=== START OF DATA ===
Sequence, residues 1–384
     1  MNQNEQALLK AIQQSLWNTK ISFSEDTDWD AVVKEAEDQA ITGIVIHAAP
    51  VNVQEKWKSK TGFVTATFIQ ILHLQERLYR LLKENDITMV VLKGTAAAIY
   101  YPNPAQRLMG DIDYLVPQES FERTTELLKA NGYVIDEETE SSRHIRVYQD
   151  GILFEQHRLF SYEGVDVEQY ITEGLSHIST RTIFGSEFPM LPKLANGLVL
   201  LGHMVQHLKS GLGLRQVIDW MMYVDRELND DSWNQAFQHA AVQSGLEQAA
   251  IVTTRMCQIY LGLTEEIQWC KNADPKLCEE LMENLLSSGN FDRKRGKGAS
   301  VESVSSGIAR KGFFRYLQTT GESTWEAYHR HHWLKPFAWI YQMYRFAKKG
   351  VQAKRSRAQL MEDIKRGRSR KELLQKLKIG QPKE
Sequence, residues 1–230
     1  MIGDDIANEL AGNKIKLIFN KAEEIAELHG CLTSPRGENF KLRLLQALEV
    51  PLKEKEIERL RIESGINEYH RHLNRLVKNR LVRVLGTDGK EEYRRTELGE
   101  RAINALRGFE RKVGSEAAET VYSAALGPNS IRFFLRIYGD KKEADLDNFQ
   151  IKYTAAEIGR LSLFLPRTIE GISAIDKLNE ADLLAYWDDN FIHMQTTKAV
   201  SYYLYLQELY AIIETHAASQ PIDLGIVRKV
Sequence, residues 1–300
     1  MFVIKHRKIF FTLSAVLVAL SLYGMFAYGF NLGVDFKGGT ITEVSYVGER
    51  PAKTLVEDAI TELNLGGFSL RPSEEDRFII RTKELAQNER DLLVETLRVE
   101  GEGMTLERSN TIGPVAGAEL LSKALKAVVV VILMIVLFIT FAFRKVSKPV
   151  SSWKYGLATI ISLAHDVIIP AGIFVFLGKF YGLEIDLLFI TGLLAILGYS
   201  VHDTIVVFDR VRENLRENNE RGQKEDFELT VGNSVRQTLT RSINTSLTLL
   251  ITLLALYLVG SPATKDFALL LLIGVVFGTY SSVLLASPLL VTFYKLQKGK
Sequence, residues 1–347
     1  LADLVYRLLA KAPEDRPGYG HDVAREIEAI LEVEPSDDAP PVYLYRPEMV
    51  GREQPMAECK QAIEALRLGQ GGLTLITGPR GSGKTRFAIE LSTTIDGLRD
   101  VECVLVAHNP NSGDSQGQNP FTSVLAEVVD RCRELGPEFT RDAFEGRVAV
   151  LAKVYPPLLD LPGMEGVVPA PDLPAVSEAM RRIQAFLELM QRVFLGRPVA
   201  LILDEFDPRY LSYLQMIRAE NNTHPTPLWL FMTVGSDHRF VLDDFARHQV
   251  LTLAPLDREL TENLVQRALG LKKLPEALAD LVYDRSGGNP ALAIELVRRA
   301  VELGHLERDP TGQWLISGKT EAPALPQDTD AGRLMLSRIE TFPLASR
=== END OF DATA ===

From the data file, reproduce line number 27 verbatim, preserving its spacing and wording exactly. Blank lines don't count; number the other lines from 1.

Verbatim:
   151  LAKVYPPLLD LPGMEGVVPA PDLPAVSEAM RRIQAFLELM QRVFLGRPVA